There is greater efficiency in supplying plants as human food, and there is relatively inefficiency in feeding crop plants to livestock that will be used as food. More energy is available on lower trophic levels. The plants gain a lot of energy from the sun, but livestock only receives some of its energy.

Pyramid of Numbers

It is the total number of organisms present at each trophic level in a designated food chain. Mostly, there are more plants than animals and more herbivores than carnivores. The size of each level represents the number of organisms at that specific step in a food chain.

As shown in the diagram on the right, lots of plants provide food for some herbivores, but the herbivores provide food for only a few primary carnivores, and so on.

Figure (ii) Pyramids, Credit: Tes.com

Pyramid of Biomass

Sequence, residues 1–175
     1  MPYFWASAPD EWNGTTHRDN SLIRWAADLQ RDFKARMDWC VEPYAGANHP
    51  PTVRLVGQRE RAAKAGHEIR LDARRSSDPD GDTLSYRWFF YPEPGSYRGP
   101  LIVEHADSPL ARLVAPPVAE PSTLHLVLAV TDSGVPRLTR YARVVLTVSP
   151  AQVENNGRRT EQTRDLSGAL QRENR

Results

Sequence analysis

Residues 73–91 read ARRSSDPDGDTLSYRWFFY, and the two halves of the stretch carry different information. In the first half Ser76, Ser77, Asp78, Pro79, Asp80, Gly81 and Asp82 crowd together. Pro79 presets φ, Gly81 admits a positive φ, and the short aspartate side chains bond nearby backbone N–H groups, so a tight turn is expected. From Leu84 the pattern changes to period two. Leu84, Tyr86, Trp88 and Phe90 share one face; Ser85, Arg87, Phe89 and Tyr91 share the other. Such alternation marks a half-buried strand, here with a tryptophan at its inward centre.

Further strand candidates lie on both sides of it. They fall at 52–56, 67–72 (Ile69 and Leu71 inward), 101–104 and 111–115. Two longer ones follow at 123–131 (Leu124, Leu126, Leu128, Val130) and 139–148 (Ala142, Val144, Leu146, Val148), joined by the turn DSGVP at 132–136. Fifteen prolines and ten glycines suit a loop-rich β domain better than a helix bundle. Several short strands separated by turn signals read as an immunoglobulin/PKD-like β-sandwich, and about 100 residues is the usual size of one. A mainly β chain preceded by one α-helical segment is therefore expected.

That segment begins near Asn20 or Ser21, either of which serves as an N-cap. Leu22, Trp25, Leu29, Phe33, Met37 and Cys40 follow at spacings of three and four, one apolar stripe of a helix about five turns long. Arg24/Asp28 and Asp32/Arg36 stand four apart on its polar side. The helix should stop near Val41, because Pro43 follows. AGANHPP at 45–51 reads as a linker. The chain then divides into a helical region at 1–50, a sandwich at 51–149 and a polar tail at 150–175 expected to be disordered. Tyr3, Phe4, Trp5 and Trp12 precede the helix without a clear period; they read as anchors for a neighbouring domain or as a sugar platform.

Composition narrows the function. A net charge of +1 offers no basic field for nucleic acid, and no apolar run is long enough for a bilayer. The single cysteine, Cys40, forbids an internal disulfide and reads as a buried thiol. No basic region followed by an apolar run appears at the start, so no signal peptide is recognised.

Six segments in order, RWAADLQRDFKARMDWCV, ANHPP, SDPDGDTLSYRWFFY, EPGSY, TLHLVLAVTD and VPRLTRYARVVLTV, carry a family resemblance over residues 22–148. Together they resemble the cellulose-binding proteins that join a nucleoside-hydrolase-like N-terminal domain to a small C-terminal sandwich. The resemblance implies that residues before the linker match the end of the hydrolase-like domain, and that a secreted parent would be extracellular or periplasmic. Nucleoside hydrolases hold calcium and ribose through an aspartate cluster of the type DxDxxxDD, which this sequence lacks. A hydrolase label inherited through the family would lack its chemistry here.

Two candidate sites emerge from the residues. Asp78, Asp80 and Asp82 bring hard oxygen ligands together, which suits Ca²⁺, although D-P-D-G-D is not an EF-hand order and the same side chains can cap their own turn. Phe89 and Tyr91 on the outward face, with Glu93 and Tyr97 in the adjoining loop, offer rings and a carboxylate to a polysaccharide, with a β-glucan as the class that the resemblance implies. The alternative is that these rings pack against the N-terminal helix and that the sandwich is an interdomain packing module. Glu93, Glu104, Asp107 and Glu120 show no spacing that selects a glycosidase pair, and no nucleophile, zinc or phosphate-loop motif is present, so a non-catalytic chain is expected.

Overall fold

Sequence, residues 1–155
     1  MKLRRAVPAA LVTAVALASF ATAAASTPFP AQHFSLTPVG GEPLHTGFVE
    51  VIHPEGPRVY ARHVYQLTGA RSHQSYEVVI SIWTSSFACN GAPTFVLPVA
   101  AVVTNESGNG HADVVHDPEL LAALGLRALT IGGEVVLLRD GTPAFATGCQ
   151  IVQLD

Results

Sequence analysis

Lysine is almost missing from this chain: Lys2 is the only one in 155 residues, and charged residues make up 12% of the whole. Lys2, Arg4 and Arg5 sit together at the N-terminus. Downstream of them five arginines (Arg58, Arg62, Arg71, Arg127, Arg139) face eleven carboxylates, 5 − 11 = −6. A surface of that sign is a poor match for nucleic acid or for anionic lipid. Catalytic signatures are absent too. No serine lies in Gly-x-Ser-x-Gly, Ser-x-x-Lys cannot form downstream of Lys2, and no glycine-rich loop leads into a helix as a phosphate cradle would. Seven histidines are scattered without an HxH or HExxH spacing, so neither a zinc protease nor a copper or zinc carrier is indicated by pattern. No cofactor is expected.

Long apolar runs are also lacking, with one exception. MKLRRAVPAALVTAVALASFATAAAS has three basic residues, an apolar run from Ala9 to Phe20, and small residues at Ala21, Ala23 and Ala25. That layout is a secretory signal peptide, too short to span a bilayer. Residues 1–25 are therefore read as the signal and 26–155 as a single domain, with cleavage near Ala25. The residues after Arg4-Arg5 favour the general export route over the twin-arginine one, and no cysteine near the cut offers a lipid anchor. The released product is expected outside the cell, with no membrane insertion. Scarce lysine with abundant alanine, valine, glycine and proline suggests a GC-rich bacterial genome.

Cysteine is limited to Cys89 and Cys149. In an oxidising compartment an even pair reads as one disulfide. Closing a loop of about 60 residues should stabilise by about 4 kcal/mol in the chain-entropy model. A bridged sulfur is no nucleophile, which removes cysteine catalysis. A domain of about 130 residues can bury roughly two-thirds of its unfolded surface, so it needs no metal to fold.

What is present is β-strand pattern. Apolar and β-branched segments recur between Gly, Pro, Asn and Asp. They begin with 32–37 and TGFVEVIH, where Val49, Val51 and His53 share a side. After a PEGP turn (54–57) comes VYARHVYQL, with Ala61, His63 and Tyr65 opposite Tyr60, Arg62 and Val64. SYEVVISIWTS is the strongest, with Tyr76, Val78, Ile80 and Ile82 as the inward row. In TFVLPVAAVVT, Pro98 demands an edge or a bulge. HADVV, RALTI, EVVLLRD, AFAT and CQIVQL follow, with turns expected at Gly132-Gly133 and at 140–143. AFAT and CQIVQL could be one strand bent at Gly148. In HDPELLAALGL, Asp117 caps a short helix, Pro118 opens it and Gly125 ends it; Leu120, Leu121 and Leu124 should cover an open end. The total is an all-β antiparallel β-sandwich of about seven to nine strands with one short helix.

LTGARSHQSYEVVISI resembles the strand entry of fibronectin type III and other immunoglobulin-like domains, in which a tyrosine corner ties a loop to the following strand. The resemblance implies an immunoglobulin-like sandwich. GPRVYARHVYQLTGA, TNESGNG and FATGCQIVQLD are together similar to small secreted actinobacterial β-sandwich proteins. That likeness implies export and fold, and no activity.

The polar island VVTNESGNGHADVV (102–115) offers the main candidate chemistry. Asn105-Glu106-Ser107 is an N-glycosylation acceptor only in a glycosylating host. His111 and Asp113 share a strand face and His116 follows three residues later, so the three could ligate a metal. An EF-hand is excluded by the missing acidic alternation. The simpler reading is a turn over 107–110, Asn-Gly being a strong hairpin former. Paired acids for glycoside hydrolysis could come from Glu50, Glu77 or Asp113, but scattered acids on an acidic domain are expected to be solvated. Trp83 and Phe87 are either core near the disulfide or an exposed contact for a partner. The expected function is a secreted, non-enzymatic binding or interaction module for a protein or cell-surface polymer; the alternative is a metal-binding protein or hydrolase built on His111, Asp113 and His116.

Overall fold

It shows the total no of mass present at each trophic level in a food chain. It gives a better idea of the actual quantity of plant or animal material present at each level. The proportions of each box represent the abundance of each kind of organism.


Pyramid of biomass gives a much better idea of the actual quantity of organisms present at each trophic level. It shows an accurate amount of energy at each level, while the pyramid of numbers does not take the size of organisms in the account.


Nutrient Cycles 


Carbon Cycle